A Food and Drug Administration advisory panel is set to vote Tuesday on whether to recommend authorizing vaccines for children ages 5-11.
The vote will be the first step in a regulatory process for the two-shot Pfizer vaccine for kids. If the panel of outside experts votes in favor after reviewing Pfizer's data from clinical trials, the FDA then decides whether to follow the recommendation. After that, a Centers for Disease Control and Prevention independent advisory committee considers the question followed by a final decision by CDC Director Rochelle Walensky.
If both agencies support the data, kids could be able to get their first shots in early November.
"If all goes well, and we get the regulatory approval, and the recommendations from the CDC, it's entirely possible, if not, very likely, that vaccines will be available for children from 5 to 11 within the first week or two of November," Dr. Anthony Fauci, chief medical adviser for the White House, said in an interview on Sunday on ABC's "This Week."
Many parents are desperate to protect their children after the delta surge over the summer led to increased cases and hospitalizations among kids. Though the variant is not more deadly, it is more transmissible -- and because kids are unvaccinated, the variant rocketed through schools and camps.
The most recent data from Pfizer's clinical trials found that the vaccine for 5-11 year olds was nearly 91% effective against symptomatic illness.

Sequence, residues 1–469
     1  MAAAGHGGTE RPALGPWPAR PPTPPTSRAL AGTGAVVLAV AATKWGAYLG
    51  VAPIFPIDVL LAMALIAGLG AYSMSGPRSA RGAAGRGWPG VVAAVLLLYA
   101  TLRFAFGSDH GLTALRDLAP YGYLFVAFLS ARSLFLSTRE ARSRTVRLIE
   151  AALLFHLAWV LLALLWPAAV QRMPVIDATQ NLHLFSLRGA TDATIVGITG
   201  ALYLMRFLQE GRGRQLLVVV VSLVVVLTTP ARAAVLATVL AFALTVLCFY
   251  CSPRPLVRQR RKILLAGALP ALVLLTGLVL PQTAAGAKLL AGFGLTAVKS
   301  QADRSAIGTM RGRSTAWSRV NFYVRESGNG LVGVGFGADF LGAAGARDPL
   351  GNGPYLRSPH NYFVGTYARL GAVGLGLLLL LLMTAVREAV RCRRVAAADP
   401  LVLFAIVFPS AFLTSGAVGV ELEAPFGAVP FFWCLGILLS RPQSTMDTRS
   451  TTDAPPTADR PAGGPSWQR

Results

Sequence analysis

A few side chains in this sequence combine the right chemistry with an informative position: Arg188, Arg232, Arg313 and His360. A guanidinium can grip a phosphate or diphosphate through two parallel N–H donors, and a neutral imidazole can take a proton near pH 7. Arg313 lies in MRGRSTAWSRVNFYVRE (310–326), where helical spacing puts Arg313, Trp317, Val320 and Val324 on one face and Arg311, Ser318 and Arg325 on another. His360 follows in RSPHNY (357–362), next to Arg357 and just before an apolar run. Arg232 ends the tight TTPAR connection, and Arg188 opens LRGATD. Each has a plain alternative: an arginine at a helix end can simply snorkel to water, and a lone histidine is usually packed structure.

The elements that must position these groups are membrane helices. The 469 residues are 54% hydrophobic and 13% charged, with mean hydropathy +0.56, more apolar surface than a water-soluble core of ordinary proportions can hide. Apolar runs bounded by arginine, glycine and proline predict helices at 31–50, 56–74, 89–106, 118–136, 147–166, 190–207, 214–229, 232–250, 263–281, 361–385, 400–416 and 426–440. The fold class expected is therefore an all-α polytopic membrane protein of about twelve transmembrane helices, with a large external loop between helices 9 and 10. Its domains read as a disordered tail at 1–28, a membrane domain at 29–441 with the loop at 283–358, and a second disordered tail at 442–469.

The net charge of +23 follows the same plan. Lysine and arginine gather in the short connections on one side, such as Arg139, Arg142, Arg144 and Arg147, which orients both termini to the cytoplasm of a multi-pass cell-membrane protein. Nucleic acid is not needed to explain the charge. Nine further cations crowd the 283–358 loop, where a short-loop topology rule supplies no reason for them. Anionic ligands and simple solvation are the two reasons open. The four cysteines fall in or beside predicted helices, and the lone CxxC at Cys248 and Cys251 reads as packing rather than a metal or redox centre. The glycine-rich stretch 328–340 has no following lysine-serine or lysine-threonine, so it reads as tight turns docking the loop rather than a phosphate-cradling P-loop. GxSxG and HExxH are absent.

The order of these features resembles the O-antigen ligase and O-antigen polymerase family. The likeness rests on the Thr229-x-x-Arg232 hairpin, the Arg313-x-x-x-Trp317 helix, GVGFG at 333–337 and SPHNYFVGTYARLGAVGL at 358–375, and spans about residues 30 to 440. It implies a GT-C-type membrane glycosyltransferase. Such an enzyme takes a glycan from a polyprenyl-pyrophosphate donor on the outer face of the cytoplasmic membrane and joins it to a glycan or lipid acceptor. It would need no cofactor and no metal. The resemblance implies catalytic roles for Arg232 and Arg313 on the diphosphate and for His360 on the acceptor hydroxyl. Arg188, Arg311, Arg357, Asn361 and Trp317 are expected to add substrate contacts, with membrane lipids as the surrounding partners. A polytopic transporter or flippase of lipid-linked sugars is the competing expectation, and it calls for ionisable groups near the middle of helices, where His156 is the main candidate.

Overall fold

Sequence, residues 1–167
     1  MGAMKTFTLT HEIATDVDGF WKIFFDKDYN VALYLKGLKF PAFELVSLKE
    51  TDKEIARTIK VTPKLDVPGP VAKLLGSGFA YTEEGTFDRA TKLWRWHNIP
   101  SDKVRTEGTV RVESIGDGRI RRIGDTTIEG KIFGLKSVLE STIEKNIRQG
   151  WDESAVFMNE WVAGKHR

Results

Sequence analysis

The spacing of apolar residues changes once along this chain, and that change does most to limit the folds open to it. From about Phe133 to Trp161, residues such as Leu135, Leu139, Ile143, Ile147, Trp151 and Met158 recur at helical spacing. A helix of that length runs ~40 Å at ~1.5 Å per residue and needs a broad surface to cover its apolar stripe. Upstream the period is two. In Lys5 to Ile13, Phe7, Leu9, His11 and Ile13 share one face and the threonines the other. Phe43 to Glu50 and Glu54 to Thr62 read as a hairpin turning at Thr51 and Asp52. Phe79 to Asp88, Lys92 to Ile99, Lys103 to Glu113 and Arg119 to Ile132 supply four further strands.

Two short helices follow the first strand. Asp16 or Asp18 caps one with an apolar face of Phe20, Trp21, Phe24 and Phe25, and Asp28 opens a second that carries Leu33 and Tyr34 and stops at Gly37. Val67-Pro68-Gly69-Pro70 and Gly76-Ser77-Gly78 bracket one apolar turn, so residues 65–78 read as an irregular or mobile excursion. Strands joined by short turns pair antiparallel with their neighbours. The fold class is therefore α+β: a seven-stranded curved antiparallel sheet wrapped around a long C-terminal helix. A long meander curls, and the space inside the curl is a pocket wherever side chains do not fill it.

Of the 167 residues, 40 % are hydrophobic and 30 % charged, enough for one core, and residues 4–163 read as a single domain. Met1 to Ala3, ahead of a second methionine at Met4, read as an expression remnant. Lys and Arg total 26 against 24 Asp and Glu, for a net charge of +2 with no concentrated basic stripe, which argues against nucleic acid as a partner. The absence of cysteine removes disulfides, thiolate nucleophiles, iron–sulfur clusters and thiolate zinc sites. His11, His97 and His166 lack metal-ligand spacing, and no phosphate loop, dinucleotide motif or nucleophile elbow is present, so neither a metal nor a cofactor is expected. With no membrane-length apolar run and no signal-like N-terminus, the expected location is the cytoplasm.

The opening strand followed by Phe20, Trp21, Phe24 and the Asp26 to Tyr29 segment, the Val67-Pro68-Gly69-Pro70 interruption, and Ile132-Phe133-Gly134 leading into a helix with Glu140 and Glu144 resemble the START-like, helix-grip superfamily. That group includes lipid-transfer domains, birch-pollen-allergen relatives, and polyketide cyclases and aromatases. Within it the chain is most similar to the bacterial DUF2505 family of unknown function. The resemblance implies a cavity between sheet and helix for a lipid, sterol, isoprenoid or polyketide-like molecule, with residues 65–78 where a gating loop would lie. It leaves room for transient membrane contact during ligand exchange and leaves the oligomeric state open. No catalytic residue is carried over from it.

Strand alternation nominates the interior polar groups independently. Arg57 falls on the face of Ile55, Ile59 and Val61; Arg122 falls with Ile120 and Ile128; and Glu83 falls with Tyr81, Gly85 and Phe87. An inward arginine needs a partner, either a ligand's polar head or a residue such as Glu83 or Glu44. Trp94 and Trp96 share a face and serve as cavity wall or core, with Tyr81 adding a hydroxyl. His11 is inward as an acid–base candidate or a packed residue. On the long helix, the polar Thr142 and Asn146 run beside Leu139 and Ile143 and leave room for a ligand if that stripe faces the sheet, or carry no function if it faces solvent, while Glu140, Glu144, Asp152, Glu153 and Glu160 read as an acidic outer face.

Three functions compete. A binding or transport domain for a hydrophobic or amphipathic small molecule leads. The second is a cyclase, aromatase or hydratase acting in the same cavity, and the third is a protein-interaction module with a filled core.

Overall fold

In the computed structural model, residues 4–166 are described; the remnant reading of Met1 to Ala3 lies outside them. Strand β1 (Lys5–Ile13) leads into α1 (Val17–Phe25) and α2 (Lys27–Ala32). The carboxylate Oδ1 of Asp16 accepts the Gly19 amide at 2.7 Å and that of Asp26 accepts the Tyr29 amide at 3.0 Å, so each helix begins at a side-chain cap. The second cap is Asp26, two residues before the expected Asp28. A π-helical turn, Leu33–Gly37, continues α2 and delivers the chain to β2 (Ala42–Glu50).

The vaccine also appeared safe. None of the children in the clinical trials experienced a rare heart inflammation side effect known as myocarditis, which has been associated with the mRNA vaccines in very rare cases, mostly among young men.
The Pfizer vaccine, if authorized for kids, will be given at a smaller, one-third dose.
The White House has purchased enough pediatric doses to vaccine all 28 million children ages 5 to 11. If authorized, it will be distributed to thousands of sites, including pediatricians, family doctors, hospitals, health clinics and pharmacies enrolled in a federal program that guarantees the shots are provided for free.
Some states are planning to provide the vaccine through schools as well.
The 5-11 age group would be the youngest and latest to receive eligibility. The Pfizer vaccine has already been authorized for adolescents 12 and up, and everyone 18 and older is eligible for all three vaccines, Pfizer, Moderna and J&J.
Whether parents will embrace the vaccines for their kids is still a question. In a September poll, the Kaiser Family Foundation found that about a third of parents with kids ages 5-11 were willing to vaccinate their kids right away, while another third wanted to "wait and see." The figures represented a slight uptick in vaccine acceptance among parents of elementary-school-aged kids since July.
Although children are less likely to die of COVID-19 than older adults, pediatricians say there is still an urgent need for a safe vaccine for children. Children can still become very sick and spread the virus to others. So far, more than 6 million children have tested positive in the United States, according to the American Academy of Pediatrics.
Trials for children 2 years and up, the next age group that could become eligible, are ongoing. Data from the clinical trials is expected sometime this winter.
ABC News' Anne Flaherty contributed to this report.